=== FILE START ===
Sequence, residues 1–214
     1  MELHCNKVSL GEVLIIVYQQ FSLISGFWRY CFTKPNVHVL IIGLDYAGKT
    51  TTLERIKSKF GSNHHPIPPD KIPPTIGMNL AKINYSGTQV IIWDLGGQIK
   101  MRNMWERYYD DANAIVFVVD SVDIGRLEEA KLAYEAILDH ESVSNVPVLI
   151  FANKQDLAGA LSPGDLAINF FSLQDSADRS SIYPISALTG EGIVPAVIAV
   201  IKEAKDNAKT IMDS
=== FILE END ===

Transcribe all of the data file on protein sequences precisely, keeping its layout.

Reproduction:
Sequence, residues 1–214
     1  MELHCNKVSL GEVLIIVYQQ FSLISGFWRY CFTKPNVHVL IIGLDYAGKT
    51  TTLERIKSKF GSNHHPIPPD KIPPTIGMNL AKINYSGTQV IIWDLGGQIK
   101  MRNMWERYYD DANAIVFVVD SVDIGRLEEA KLAYEAILDH ESVSNVPVLI
   151  FANKQDLAGA LSPGDLAINF FSLQDSADRS SIYPISALTG EGIVPAVIAV
   201  IKEAKDNAKT IMDS